Teaching your children about sustainability can be a tricky subject to approach and there is so much to consider in terms of what you should and shouldn’t share with them, especially at a young age. As parents, we all try and do our best to teach our children numerous skills and part of this is teaching them how to become a better person in the future.
We all live on the same planet and learning how to properly care for our planet and reduce our carbon footprint means that we can enjoy natural beauty for longer, all whilst looking after the health of our planet. Teaching children steps towards becoming more sustainable, no matter how small, are likely to make them more environmentally conscious as they grow older, meaning that they will likely continue with this belief for many years to come and keep up with any habits taught at an early age.
With this in mind, however, it can be daunting to know where to start when it comes to teaching your children about sustainability. Whether they’re young, or are perhaps growing into pre-teens and are ever more inquisitive about the world around them, here are some easy ways you can teach your children about sustainability.
Spend Time In Nature
Simply put, if your children are spending most of their time outdoors amongst nature, then they will instinctively pick up an affinity for taking care of the areas around them. Rather than spending time sitting indoors on tablets or watching TV, encourage your children to spend time outdoors by visiting parks, trails and woodlands in your local area.
You can teach them different ways about how our actions can impact the environment, so if you see things such as litter in green areas or polluted waterways, you can explain how this damages the environment and walking to school, rather than driving, highlights damage caused by exhausts. Depending on the age of your children, you can simply say it makes nature unwell if they’re young, or if they’re older, you can explain how and why.
Saving Water In The Home
Using excess water puts a huge strain on water resources and consumes more energy. Children can have a hard time understanding where things such as electricity and water come from, and don’t see using it in excess as an issue, it’s simply just something they can do. However, teaching children to turn lights off when they leave a room or to simply turn the tap off when brushing their teeth are all small things that can make a huge difference.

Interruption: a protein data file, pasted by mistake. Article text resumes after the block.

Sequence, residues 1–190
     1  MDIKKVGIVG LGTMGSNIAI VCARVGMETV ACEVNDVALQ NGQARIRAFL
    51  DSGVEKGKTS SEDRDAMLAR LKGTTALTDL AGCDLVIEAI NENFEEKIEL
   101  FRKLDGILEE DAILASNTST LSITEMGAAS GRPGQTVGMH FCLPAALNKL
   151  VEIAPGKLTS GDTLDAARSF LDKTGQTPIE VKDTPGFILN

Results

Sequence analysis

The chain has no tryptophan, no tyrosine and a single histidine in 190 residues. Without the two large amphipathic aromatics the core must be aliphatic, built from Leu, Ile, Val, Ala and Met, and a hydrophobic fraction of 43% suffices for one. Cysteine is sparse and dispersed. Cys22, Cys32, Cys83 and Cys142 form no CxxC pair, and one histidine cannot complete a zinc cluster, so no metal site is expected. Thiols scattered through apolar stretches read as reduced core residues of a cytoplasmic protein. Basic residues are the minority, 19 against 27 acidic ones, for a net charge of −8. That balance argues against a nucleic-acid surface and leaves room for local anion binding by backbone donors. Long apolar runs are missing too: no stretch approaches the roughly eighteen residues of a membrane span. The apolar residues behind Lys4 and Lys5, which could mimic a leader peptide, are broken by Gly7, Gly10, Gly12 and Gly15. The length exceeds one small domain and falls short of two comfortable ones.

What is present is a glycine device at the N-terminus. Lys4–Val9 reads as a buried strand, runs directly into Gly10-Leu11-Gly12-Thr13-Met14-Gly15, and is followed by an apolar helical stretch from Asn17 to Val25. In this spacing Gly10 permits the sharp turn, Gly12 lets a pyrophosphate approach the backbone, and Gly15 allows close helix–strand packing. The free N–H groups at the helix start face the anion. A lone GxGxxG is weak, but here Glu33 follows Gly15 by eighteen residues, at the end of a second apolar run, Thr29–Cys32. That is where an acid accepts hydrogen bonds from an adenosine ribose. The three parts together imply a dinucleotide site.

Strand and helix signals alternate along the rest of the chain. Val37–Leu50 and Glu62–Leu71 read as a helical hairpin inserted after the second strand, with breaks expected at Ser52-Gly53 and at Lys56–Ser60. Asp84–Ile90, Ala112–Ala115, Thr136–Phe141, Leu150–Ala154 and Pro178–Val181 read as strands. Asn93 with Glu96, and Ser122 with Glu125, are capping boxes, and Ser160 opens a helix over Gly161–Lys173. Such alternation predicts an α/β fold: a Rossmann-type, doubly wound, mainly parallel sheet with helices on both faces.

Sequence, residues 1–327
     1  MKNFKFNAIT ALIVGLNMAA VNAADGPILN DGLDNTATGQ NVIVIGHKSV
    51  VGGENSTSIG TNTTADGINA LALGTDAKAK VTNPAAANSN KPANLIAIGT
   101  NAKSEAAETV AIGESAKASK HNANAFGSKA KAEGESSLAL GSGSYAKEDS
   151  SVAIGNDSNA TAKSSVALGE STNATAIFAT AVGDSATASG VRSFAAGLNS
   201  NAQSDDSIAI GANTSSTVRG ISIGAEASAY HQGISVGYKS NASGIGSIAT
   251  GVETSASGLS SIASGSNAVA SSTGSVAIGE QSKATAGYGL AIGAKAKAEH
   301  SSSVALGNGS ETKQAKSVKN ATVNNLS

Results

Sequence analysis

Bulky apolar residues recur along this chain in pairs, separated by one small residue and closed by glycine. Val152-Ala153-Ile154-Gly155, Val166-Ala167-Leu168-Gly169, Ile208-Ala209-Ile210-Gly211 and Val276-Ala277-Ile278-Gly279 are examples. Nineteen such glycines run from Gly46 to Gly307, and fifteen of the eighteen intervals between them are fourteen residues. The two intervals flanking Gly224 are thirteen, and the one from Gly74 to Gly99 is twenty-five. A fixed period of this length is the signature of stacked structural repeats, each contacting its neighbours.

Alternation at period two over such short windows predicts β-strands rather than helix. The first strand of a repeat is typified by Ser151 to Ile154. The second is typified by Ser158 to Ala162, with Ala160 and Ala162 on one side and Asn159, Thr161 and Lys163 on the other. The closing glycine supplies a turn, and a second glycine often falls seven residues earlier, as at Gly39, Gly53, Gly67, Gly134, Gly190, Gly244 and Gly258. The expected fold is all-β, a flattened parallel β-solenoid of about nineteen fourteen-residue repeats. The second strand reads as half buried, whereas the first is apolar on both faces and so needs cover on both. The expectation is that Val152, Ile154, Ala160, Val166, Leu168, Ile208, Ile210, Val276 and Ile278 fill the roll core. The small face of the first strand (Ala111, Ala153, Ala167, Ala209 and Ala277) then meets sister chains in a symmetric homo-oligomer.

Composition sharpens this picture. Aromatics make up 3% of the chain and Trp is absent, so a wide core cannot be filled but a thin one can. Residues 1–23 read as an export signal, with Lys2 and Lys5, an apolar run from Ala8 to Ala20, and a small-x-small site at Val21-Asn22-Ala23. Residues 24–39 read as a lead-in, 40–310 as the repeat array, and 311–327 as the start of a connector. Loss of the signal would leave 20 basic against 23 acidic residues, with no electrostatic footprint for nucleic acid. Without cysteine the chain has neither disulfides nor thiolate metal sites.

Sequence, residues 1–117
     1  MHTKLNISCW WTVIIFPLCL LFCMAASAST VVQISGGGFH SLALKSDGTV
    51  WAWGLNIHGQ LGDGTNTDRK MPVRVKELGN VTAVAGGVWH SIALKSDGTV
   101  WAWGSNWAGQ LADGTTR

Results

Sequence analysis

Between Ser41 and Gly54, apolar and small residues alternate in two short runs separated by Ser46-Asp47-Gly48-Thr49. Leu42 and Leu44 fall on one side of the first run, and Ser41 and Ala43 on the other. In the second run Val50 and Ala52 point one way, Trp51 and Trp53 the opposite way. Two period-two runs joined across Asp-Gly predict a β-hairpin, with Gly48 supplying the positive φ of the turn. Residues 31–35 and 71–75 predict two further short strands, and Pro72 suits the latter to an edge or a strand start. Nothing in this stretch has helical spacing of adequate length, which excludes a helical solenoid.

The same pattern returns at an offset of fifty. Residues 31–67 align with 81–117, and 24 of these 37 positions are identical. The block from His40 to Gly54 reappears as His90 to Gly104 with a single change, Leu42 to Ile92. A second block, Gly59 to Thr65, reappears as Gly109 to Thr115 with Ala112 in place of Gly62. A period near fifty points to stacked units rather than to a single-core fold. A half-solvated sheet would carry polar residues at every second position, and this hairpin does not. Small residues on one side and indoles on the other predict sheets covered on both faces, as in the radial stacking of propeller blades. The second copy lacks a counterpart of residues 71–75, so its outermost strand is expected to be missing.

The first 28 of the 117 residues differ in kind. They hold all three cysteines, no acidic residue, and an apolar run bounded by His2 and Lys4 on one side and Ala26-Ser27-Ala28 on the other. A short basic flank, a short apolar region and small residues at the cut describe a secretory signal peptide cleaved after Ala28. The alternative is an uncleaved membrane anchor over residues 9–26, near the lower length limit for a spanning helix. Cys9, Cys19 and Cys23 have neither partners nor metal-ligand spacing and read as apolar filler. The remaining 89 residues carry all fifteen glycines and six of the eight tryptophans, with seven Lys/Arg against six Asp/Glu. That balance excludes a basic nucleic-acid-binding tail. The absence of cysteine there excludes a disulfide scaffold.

Try not to approach these issues when in a rush or in a negative situation and instead develop different ways to discuss these points with your children to help them understand that such resources are scarce. You could maybe go for a walk around a local reservoir and explain that this is where the water we use is stored, or in the garden set up a water butt that children can use to water flowers and plants with saved rainwater.
Teach Them About Recycling
A small thing such as putting empty drinks cartons into the right recycling bin is a big enough starting point to teach your children about recycling and the importance of such actions. Recycling waste and rubbish is something that we can all do and massively reduces the amount of trash that ends up in the local areas. Making recycling a way of life in your household is a great way to teach your children about using less and recycling what they do use where possible.
Look at ways you can incorporate this into your child’s daily life so that they are aware of it at different times and locations. For example, things such as using reusable snack bags in their lunchboxes instead of single-use foil or plastic wrap, refillable water bottles and offering foods not wrapped in plastic wrappers can spark reminders for this behaviour whilst at school.
Fun Animal Facts
Sadly, animals are the most affected by environmental changes and pollution and it’s important that, when you are teaching children about sustainability, the health and care of animals is included if you want them to have a well-rounded insight as they get older. Introducing children to animals from a young age can help you to raise them to become more eco-friendly as they get older and there are many ways in which you can do this.
Family pets are a great way to introduce your children to animals and allow them to first-hand take care of animals as a way of daily life. Children will first hand see how things can affect their pets and by learning this from a young age, they will be more likely to take care and consider the wellbeing of animals as they grow. Visiting zoos and local farms also introduces children to the number of different animals that form part of our planet and why they are important.
It might not always be the easiest topic to approach, but teaching your children about sustainability is something that will stick with them for the rest of their life. For young children, starting with easy and simple answers to their questions, or even just introducing them to recycling is enough to plant the seed of sustainability as they grow. There are many ways in which you can teach your children about sustainable concepts and the importance of it, but it just depends on you and your family.